International Adoption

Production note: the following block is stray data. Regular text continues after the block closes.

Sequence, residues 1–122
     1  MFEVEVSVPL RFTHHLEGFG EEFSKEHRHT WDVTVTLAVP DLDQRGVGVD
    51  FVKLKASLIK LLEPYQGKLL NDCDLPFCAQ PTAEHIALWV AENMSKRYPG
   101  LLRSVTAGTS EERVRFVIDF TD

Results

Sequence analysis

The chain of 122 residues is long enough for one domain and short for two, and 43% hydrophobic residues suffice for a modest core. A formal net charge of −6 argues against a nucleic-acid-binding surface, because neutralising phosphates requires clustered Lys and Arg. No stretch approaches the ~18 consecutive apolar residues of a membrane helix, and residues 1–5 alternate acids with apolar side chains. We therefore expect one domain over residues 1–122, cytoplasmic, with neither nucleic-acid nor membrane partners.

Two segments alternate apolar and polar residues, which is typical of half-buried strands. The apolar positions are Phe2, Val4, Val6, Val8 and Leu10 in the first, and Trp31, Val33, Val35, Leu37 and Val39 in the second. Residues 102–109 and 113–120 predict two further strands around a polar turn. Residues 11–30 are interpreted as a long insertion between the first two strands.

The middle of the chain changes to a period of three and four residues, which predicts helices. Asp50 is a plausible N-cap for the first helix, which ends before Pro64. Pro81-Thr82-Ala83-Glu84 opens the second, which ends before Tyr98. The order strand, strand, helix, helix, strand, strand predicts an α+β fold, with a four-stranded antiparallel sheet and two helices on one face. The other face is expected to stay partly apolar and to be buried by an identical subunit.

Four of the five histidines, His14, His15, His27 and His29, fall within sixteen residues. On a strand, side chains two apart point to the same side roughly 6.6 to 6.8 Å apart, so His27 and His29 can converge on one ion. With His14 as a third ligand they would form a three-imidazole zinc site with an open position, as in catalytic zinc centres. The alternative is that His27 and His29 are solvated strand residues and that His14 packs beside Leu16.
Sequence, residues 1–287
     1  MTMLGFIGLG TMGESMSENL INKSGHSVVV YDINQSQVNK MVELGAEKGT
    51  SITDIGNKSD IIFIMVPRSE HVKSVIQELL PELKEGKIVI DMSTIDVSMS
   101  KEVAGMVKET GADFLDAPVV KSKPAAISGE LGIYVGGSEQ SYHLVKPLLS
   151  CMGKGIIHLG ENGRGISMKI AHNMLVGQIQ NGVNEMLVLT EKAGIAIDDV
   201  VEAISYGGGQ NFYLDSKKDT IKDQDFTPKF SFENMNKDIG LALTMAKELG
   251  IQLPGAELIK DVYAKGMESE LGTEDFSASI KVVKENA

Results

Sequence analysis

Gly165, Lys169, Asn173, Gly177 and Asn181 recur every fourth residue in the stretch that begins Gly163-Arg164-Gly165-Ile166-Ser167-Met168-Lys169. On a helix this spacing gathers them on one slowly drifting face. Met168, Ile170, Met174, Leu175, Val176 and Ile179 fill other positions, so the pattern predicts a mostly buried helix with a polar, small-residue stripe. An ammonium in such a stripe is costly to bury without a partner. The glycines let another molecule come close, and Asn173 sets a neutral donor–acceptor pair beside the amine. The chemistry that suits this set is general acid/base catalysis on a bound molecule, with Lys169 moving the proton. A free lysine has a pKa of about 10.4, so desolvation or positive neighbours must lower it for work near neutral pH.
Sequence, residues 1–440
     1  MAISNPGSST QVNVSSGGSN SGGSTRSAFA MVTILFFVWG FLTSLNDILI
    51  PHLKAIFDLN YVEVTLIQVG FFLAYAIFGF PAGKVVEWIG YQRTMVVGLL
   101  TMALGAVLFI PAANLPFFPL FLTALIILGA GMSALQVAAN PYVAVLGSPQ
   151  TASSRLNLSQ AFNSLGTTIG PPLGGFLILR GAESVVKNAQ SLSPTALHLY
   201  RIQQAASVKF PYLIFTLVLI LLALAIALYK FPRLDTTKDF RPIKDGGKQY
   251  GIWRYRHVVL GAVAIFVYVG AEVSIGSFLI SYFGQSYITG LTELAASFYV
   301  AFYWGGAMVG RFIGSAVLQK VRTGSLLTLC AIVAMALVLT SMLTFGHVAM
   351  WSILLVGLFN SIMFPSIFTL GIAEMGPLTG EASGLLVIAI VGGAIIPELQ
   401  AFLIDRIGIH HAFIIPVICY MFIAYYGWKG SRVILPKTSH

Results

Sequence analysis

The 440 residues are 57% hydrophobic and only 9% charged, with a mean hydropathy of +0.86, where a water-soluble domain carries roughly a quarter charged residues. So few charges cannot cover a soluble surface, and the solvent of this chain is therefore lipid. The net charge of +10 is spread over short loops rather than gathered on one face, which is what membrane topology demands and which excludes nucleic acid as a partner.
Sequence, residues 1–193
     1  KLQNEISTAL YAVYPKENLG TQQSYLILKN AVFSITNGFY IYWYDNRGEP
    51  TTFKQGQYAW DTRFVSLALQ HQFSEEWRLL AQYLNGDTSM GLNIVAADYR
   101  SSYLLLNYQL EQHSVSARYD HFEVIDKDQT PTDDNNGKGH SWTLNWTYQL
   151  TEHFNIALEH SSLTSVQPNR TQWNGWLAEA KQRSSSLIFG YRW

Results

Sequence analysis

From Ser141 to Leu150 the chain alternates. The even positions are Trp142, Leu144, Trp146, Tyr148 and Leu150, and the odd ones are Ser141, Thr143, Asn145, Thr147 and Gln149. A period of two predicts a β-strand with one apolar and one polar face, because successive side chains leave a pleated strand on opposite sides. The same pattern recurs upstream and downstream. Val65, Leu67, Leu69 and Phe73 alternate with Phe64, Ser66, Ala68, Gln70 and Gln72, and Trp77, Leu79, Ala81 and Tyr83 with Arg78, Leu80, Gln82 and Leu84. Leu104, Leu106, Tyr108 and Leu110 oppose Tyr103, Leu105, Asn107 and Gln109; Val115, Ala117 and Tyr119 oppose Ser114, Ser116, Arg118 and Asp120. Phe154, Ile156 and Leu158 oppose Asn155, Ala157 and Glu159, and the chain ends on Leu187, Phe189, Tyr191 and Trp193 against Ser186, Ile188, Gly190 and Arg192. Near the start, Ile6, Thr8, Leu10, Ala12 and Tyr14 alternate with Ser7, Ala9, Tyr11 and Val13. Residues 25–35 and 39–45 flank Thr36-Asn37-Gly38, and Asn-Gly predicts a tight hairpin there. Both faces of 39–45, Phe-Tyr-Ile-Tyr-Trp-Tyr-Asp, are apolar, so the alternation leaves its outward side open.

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International Adoption When a mission team from south Florida arrived in Camp Haitia, they saw what to them was the most poverty stricken land on earth. Some of the men were literally ill at the sight of the filth in the rivers, on the land, and covering the children. Because Haiti is one of the poorest nations in the world, families do not even have enough to provide for their children, and many of them are left to fend for themselves. The mission team witnessed them bathing in polluted waters and scrounging for non-existent food. I asked one member of this mission team if adoption was a possibility for any of these kids. His response was enthusiastic and emotional. I witnessed first hand for months his diligent efforts to rescue at least one Haitian child from a hopeless life. However, in his efforts, my father was faced with an issue aside from the finances and legalities of the adoption procedure. Many questioned if it was ethical for our family to adopt a child from a different culture. Our answer was simple. Yes, international adoption is logical and ethical. Two main reasons why so many Americans are seeking foreign adoptions are humanitarianism and frustration with the laws and policies in domestic adoption (Kleiman). Critics of international adoption argue that Americans should not look elsewhere for children when there are so many needy ones right here in our country. However, there are more families seeking children than there are children who need homes. Over the past thirty years there has been a decline of domestic adoptions by 47 percent (Fulton 2). Some reasons that there are fewer children being placed for adoption are the early introduction of sex education in public schools and the easy ac... ... middle of paper ... ... lost child a family? Works Cited Brodzinsky, Dr. David M., and Marshall d. Schechter. The Psychology of Adoption. New York: Oxford University Press, 1990. Feigelman, William, and Arnold R. Silverman. Chosen Children. New York: Praeger Publishers, 1983. Fulton, Kaye E., and Sharon Doyle Driedger, and Rae Corelli. "Bringing home Baby." Maclean's 21 August 1995 34-39. "Give me your squalling masses: Coming to America." The Economist 3 Feb. 1996: 22-23. Hibbs, Dr. Euthymia D. Adoption International Perspectives. Madison Intemational Univ. Press, 1991. Jeffreys, Darya P. "Intercountry adoption: a need for mandatory medical screening." Journal of Law and Health Spring-Summer 1996: 243-270. Kleiman, Erika Lynn. "Caring for our own why: American adoption law must change." Columbia Journal of Law and Social Problems Winter 1997: 30.

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